Oftentimes when I find myself browsing in what I shall call a gentleman’s outfitters I will be approached by a fellow shopper asking me where the ties are.

It’s my own fault – I tend to wear a black suit even when shopping, an ensemble which clearly marks me out as a shop assistant or store manager. I suppose if I had no morals and a working knowledge of cash registers I could furtively trouser a reasonable amount of cash.

People are readily led into identifying others as something that they are not. Put on a white coat  and carry a clipboard, and “research scientist” is the conclusion; or match the white coat with a stethoscope while lurking near a hospital and the assumption will naturally be that you are a doctor.

This is of course why department stores use the standard white coat to deck out their beauty product staff. It lends an ersatz scientific gravitas to hawking shampoo and cold cream.

The Milgram experiment took this to an extreme conclusion.

Something similar is happening these days in meteorology.  Anyone possessing the merest scintilla of an inkling of the subject — or even without a clue but touting some eccentric and misguided hypothesis — can present themselves as an expert in the field  through the simple expedient of throwing up a website and picking an exciting sounding name.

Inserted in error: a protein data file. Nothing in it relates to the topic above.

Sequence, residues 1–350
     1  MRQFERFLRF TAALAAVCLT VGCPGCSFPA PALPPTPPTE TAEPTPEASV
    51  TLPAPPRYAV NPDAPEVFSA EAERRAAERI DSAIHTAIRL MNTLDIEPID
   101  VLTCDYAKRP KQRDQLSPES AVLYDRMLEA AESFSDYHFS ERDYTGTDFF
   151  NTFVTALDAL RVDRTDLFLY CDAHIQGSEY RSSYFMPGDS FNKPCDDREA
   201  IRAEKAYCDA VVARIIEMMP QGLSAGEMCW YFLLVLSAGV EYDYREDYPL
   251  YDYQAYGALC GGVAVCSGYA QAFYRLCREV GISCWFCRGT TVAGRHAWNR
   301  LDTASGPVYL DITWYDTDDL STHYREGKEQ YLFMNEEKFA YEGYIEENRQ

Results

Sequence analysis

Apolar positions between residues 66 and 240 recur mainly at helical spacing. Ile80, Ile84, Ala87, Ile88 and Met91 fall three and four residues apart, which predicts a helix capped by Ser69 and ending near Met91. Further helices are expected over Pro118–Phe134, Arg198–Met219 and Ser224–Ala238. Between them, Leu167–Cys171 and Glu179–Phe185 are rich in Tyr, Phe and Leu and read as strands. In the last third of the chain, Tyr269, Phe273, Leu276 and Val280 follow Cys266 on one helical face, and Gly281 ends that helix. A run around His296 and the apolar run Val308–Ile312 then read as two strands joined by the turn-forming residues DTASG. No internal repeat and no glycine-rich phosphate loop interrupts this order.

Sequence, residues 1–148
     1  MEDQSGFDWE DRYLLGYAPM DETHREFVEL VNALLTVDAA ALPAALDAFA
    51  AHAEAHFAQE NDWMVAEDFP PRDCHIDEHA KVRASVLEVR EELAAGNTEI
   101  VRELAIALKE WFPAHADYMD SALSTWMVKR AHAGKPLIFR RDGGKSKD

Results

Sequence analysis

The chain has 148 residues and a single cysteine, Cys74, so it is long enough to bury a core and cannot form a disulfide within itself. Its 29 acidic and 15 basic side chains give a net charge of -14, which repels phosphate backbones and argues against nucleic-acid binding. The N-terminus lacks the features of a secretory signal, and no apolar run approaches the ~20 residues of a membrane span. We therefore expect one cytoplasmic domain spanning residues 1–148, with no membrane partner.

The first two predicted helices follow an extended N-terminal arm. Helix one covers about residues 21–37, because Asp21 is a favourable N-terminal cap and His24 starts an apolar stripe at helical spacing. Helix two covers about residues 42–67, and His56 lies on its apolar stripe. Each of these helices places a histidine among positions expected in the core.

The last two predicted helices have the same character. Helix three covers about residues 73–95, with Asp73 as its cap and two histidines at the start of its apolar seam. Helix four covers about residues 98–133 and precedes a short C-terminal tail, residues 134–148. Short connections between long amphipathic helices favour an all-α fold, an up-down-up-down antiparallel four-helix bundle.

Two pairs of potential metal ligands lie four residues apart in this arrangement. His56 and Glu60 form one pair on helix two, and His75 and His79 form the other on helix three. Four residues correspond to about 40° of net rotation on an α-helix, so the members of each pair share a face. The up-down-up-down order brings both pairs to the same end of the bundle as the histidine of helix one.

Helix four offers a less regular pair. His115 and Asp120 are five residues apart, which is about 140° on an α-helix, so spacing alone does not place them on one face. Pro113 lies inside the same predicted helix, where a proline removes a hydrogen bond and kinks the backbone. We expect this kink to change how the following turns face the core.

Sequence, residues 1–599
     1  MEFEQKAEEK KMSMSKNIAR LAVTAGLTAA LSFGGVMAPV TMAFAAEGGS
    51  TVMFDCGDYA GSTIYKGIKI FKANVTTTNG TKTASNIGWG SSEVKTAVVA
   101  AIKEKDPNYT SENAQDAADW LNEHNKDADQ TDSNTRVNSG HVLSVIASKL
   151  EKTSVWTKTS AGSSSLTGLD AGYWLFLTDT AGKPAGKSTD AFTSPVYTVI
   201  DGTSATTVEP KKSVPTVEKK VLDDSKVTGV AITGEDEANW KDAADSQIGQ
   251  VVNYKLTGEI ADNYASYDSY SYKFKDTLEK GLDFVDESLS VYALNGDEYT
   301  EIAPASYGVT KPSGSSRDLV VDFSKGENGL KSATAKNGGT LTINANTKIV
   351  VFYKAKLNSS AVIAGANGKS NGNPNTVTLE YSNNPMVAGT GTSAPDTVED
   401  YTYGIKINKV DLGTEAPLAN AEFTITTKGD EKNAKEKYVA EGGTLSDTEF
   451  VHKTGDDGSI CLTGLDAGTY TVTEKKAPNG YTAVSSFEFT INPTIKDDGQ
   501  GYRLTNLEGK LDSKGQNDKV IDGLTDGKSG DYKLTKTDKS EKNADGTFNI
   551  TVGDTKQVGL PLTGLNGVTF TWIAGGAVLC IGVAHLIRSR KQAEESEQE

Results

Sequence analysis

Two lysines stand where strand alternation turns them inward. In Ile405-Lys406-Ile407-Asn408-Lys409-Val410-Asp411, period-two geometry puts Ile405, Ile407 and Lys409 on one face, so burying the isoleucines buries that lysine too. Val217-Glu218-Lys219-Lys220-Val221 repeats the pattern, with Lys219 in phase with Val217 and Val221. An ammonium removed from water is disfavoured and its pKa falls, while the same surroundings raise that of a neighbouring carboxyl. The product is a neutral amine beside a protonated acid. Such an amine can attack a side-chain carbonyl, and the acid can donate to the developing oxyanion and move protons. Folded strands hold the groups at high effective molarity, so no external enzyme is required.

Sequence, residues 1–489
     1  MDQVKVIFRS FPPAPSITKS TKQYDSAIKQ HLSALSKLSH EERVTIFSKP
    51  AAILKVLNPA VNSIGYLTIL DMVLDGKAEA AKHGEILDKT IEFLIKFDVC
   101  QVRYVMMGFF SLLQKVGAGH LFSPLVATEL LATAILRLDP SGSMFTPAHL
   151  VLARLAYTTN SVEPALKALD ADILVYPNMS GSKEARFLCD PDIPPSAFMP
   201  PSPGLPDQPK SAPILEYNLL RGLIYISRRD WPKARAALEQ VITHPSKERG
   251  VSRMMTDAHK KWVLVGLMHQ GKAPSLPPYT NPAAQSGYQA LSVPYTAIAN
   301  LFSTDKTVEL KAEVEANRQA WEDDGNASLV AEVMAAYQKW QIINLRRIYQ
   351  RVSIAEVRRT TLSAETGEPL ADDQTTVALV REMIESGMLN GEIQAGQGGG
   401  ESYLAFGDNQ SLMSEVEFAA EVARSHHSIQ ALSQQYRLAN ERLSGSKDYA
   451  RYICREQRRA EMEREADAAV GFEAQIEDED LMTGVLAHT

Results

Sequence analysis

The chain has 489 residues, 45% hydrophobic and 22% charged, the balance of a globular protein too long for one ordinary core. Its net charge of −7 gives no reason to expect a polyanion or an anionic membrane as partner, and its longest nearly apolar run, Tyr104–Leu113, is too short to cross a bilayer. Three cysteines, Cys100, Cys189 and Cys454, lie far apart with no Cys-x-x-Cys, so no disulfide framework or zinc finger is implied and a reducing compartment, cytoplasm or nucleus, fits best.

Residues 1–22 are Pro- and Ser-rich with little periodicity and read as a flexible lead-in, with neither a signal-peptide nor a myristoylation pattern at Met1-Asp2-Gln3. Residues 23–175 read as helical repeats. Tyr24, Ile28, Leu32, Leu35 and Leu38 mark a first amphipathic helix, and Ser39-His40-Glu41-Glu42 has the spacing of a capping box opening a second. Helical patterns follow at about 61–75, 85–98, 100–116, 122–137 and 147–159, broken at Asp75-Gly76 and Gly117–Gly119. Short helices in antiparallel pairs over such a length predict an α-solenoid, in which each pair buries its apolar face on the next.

Thus armed they fall over each other to produce alarming forecasts at increasingly long range of a record-breakingly cold winter and a white Christmas; and they do it loudly, with a brazen certainty that is unquestioned by the credulous. No amount of incorrect foretelling, moreover, dampens the hubris.

It is unfortunate that sometimes those most unwilling or unable to see through these forecasters in white coats are the members of the press, who surely have a duty to check credentials before splashing a headline.

But in the absence of their bullshit filters we need to arch our own eyebrows and shout that the emperors have no clothes. Or at least no white coats.